12Lesson Plan: RT Instructional Procedures The classroom teacher will: review the goals and objectives of the lessonUse of KWL chart (the “K” section)explain the nature and scope of the RT processexplain the specific “Teacher” responsibilities (Prompts) for each small group participantmodel the RT processThe teacher models the role of the RT “Teacher” to clarify the RT process and to encourage participationThe “Teacher” role should be role-played with a volunteer from the small groupExample statement by the RT “Teacher”: I am going to ask you to summarize what you are learning. Who can tell me what you remember about what we have just read?”
13Lesson Plan: RTreview and clarify the rubric as the student assessment for this activity (will be assessed on both group and individual basis)The teacher will observe and individually assess via a rubric each “Teacher” during the RT processThe teacher will individually conference with each student in review of their rubric assessment (at a time as close as possible to the completion of this lesson)Prepare the students to participate in reciprocal teaching by previewing the passage to be readDistribute and briefly review the reading passage with the studentsDiscuss important vocabulary and terms
14Lesson Plan: RTTell the students that they will be individually reading the selected passageThe students become the subsequent leaders with assistance from the teacherEach “Teacher” will then take turns participating in their particular role (“Predictor, “Questioner” “Clarifier” and “Summarizer”)Distribute and review RT “Teacher” prompts with the studentsSmall Group “Teacher” Discussions
19Rubric: RT An authentic approach to assessing “Real world” means of listening and speaking (typical conversational practice)Stresses observable and integrative skillsDiscuss expectations and accompanying rubric elements prior to instruction (part of “expected outcomes”)Immediate feedback after lessonwould still be relevant and provide the greatest amount of “washback” for the studentsA subjective assessment (e.g., performance-based) can be more difficult to grade than an objective assessment (e.g., written test)Peer evaluation fosters their confidence and intrinsic motivation (Otoshi & Heffernen, 2008)has positive implications for developing a reflective and critical sense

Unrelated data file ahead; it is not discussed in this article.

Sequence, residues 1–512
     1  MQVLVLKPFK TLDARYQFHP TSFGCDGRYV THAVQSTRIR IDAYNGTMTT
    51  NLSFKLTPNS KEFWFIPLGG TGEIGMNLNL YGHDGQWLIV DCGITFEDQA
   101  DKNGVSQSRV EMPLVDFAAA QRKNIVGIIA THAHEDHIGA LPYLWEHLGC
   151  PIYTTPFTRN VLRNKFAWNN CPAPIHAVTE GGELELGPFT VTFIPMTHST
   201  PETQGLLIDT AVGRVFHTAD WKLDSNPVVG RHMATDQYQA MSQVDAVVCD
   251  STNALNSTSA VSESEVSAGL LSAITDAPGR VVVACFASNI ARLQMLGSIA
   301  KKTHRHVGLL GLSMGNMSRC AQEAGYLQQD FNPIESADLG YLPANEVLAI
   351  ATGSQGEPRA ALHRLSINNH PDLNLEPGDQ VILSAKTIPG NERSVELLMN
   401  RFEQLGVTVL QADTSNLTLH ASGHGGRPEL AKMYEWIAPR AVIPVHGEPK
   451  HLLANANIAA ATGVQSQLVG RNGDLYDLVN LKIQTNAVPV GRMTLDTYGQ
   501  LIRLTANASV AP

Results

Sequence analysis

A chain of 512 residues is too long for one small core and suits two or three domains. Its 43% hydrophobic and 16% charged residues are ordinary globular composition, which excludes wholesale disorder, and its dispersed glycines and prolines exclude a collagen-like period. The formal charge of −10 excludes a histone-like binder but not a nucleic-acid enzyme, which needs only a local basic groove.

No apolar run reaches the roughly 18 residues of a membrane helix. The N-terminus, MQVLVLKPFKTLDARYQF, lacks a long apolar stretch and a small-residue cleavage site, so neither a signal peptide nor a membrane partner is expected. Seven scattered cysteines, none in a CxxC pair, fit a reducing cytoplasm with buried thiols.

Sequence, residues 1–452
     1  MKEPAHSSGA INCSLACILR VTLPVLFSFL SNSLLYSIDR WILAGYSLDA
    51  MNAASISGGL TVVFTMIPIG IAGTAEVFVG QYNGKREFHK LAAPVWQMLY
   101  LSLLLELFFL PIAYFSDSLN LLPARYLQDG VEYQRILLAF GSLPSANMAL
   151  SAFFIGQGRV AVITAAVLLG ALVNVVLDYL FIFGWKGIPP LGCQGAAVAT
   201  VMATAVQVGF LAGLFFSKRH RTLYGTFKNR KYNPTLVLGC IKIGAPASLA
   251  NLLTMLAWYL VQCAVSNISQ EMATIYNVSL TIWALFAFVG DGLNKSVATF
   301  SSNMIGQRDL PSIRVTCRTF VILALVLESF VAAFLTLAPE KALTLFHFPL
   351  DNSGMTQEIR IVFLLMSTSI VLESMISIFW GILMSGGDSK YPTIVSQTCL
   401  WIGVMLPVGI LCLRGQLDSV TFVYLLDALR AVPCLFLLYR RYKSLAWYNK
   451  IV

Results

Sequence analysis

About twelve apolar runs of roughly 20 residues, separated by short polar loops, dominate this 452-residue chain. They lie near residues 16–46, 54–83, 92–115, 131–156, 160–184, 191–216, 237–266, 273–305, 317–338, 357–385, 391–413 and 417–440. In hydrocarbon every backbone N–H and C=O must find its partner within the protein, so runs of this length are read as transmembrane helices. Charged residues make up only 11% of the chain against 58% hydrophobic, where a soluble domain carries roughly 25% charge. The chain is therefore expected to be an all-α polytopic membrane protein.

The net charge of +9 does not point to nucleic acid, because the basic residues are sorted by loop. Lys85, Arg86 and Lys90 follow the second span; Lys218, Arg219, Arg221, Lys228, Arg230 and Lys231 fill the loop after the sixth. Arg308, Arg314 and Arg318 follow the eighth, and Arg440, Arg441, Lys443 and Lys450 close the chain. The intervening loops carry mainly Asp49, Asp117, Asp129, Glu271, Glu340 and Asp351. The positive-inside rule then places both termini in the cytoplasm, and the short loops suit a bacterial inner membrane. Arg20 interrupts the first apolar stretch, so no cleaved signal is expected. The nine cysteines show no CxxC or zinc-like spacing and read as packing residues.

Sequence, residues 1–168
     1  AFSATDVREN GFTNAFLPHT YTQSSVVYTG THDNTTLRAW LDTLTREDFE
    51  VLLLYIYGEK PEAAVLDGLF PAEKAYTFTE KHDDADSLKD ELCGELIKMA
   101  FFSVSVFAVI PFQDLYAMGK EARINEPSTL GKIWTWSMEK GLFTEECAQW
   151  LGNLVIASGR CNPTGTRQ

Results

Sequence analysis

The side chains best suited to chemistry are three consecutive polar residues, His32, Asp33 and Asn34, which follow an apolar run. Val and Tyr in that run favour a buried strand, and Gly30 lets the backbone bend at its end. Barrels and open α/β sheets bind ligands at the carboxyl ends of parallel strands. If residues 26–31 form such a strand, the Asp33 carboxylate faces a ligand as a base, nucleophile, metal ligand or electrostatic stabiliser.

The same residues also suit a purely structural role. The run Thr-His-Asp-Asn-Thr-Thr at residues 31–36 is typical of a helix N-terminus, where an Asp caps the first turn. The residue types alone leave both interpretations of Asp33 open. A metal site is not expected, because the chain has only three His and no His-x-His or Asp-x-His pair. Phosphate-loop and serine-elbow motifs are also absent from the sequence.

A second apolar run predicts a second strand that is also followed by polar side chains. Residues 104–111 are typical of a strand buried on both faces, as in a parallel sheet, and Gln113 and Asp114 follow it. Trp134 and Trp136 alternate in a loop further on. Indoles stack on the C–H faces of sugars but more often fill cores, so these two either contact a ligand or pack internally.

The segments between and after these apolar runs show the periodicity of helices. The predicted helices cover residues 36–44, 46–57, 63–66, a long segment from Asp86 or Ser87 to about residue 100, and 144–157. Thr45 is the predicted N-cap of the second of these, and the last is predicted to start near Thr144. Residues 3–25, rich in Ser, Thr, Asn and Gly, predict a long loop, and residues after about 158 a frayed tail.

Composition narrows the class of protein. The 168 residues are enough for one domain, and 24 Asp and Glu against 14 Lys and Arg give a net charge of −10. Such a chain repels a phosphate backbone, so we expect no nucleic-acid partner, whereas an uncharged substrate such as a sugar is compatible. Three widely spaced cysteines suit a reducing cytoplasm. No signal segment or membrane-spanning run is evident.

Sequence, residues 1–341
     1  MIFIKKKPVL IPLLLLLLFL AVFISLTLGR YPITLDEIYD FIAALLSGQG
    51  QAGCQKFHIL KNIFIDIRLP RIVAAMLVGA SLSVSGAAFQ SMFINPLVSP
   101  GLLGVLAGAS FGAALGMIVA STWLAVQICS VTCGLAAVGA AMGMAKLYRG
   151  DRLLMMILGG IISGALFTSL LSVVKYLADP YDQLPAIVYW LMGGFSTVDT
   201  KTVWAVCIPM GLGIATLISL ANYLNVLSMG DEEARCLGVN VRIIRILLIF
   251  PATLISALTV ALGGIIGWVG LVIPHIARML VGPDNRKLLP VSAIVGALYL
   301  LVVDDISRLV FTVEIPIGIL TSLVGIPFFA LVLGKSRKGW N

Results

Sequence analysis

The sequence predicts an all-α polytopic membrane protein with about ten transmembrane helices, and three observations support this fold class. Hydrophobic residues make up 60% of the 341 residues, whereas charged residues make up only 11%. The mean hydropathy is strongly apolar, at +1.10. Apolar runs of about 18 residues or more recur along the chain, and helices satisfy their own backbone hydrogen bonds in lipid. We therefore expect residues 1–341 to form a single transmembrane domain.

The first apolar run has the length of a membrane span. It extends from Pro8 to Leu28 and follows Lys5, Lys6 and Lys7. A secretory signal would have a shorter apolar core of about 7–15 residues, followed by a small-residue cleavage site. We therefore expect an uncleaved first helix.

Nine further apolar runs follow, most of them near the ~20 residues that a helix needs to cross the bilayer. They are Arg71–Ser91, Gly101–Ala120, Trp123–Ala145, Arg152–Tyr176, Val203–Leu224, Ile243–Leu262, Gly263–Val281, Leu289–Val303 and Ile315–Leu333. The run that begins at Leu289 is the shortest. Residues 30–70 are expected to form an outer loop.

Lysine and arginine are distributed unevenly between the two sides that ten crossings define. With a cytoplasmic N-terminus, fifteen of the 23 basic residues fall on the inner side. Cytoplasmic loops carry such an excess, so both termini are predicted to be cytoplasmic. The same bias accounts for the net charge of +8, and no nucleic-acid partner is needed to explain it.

21Reading Passage: RT “The History of Dogs” Many years ago, in the days when people lived outdoors or in caves, there were no tame dogs. In fact, all the animals of the world were wild. One of those wild animals was the wolf. Wolves roamed through the fields and forests shy and suspicious of humans. Yet from these wild wolves have come all the different dogs that are pets today.
22“Teacher” Prompts: RTPredictor: What do you think we will be reading about today? What evidence suggests that we will be reading about that?Questioner: Have the student use the “W” from the KWL chart to ask the group: What do you want to know from this reading passage? Have the Questioner write these statements on the boardClarifier: Is there anything that you’d like to clarify? Any words or anything else you’re not sure about?Summarizer: I will try and summarize what we have just read and discussed. Does anyone have anything to add to my summary?
24Lesson Closure: RTAt the end of the lesson, revisit their predictions to see how close they were to the actual text (“K”).Clarify with the students if their questions (“W”) were answered. If not, try to answer these questions as a group (if there is not adequate time to currently complete this, use as a “springboard” activity for a follow-up lesson).To close out the lesson, fill in the What I’ve Learned section of the KWL chart (“L”).Ask if the students have any final questions or comments.
25Word of Caution: RTUse of the RT method can be difficult to implement by certain teachers, such as those not philosophically inclined to this approach to instruction and those teachers who teach a single subject content area.Novice teachers that should not take on this complex teaching methodology.Should be placed on the “back burner”.The introverted student: “They listen more than they talk, think before they speak, and often feel as if they express themselves better in writing than in conversation.”Quiet: The Power of Introverts in a World That Can't Stop Talkingby Susan Cain (2012)These students can have a harder time working in groups
28Reciprocal Teaching: Action Plan Review Part 1 and Part 2 of RT video clips (approx. 15 minutes)Take reflective notes using the “RT Lesson Development Chart” providedBased on your viewing of these clips and notes taken discuss in small and/or whole group next steps in the development of a RT lessonUse this professional development opportunity to consider using the RT reading approach with your studentsAdditional resources on web site:RT Teacher Reference SheetRT Student Guide SheetRT Lesson Development Chart